The Japanese Minister to Acting Secretary of State Loomis.
Washington, April 3, 1905.
Sir: I have the honor to inform you that I have received from Baron Komura, His Imperial Majesty’s minister for foreign affairs, an instruction in the following sense:
According to article 7 of the regulations respecting the laws and customs of war on land, annexed to the Hague convention, which provides that prisoners of war shall be treated, as regards food, quarters, and clothing, on the same footing as the troops of the government which has captured them, the Imperial Government is giving to the Russian prisoners the [Page 600] treatment due to the rank of each individual and on the same footing as the troops of the Imperial Government.
As to food, special consideration was given to the difference of habits and a larger allowance is made for the Russian prisoners than for the imperial troops. The ration allowance for the noncommissioned officers and privates of the imperial troops is 17 sen per day, while that for the Russian prisoners is fixed by the regulations respecting the treatment of the prisoners of war at 30 sen per day. Moreover, to the noncommissioned officers and privates of the prisoners are given 1 yen and 50 sen, respectively, as allowance for the incidentals.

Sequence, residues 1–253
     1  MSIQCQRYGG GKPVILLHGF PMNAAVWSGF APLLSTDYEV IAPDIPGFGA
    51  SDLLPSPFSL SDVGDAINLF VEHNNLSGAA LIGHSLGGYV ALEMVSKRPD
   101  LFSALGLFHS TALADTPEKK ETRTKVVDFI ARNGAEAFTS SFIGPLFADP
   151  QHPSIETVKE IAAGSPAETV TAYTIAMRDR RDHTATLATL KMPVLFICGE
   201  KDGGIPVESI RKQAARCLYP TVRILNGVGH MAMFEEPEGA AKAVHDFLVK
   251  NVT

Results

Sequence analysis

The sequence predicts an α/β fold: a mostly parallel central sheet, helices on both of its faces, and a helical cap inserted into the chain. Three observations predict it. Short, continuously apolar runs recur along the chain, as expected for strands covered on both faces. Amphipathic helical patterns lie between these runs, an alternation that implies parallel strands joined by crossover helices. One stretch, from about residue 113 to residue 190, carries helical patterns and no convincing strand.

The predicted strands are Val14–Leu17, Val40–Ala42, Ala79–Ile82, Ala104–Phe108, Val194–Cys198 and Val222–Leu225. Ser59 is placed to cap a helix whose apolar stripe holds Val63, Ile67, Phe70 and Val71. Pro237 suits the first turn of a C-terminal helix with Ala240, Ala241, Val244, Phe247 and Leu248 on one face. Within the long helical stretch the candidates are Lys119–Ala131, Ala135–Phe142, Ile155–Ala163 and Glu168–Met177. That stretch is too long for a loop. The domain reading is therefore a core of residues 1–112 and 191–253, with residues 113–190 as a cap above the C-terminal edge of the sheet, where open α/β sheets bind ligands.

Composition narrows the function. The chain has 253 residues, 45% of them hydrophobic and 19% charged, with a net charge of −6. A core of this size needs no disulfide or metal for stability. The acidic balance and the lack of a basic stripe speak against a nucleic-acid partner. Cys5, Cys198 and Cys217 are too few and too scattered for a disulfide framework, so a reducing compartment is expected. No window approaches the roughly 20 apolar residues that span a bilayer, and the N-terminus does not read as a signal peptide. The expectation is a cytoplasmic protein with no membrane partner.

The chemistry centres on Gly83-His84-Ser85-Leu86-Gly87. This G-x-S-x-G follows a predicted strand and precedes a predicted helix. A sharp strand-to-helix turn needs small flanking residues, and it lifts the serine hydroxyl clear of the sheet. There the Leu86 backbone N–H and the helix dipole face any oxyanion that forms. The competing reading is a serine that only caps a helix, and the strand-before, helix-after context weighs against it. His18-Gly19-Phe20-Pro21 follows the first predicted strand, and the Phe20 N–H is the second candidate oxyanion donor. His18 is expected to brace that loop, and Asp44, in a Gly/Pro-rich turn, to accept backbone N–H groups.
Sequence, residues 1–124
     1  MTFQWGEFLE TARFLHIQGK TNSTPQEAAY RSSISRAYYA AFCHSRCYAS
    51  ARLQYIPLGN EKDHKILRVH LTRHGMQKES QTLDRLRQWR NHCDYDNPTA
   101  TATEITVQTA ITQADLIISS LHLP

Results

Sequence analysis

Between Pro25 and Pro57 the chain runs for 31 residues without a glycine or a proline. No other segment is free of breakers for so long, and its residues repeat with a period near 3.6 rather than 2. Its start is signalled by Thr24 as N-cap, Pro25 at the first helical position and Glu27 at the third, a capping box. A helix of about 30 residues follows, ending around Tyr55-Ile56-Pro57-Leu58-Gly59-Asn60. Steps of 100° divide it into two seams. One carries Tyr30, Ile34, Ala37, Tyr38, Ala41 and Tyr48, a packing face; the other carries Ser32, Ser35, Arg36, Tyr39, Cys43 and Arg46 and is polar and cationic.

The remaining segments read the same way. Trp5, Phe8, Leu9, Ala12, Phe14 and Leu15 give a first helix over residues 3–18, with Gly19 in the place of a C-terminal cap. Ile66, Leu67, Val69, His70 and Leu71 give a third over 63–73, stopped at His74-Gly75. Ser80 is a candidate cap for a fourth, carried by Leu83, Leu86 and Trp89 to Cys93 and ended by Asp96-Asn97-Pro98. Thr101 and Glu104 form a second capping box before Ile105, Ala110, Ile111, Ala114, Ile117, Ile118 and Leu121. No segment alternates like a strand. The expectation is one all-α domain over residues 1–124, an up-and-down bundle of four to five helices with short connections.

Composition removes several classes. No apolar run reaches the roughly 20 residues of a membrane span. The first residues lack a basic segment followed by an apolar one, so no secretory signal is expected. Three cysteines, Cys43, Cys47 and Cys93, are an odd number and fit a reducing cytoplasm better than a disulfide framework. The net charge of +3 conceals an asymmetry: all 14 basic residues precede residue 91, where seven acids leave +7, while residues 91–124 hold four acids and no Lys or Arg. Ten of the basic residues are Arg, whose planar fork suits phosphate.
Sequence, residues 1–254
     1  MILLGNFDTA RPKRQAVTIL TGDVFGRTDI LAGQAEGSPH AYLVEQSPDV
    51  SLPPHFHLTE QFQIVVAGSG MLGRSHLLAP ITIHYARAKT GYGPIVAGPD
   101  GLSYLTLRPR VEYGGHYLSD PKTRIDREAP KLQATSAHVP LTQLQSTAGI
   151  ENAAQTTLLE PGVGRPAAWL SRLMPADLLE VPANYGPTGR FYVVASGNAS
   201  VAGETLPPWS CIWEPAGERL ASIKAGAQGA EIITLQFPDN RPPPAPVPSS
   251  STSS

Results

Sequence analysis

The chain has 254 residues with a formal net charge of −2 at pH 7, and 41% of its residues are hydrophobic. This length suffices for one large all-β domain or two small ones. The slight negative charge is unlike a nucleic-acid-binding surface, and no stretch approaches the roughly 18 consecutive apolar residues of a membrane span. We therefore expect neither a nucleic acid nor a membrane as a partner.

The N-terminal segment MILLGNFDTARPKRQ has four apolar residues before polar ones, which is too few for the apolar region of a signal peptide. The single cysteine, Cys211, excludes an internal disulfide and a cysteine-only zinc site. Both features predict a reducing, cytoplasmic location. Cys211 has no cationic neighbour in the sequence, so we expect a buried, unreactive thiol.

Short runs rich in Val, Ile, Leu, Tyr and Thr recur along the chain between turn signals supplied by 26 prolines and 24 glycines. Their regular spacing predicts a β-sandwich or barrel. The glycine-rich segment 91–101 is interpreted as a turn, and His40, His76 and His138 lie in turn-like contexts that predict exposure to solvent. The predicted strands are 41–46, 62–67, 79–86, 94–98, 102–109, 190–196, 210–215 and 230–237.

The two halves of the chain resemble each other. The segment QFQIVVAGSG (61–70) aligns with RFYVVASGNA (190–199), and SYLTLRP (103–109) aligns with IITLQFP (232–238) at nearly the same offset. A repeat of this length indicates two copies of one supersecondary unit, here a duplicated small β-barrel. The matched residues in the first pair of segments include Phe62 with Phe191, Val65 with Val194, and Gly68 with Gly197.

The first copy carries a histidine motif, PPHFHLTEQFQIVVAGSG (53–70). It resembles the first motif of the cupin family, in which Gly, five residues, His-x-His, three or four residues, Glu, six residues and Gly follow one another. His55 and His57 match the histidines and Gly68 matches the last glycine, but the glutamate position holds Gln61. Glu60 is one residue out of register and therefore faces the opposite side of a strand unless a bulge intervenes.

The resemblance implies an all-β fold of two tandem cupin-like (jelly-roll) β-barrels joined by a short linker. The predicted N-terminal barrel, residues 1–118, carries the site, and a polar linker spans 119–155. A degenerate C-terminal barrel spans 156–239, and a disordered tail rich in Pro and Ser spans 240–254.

The Russian Government, on the contrary, refused to accord Messrs. Mizoguchi and Ogorusu, lieutenant-commanders of the imperial navy, who were captured by the Russians on board of the transports Kinshiu Maru and Sado Maru, the treatment due to their rank and treated them only as lieutenants.
Further, while in the Russian army the ration allowance for soldiers is 25 kopecks, that for the Japanese prisoners of the same rank is only 14 kopecks, and not a cent is given as allowance for the incidentals. Thus the Japanese prisoners of the inferior rank are subjected to great hardships, so that the officer prisoners have to contribute from their own scanty allowance 2 or 3 rubles every month in order to aid such poor soldiers.
This conduct of the Russian Government is deemed by the Imperial Government as a clear contravention of provisions of the regulations annexed to the Hague convention. You shall, therefore, request the good offices of the United States Government to instruct the American ambassador to Russia to treat with the Russian Government in view of inducing it to accord to the officers and men of the Japanese prisoners the treatment due to their respective ranks in accordance with the provisions of the above-mentioned regulations. It is needless to say that the treatment of the prisoners is reciprocal between the belligerents, and therefore if the Russian Government does not consent to accord proper treatment to the Japanese prisoners it may be necessary for the Imperial Government to change the treatment of the numerous Russian prisoners now held in Japan. Consequently the Imperial Government is desirous to be informed of the reply of the Russian Government to the above representation at the earliest possible moment.
In accordance with the foregoing instruction, I now beg leave to request you to be so good as to take such steps as would give effect to the desire of the Imperial Government expressed therein.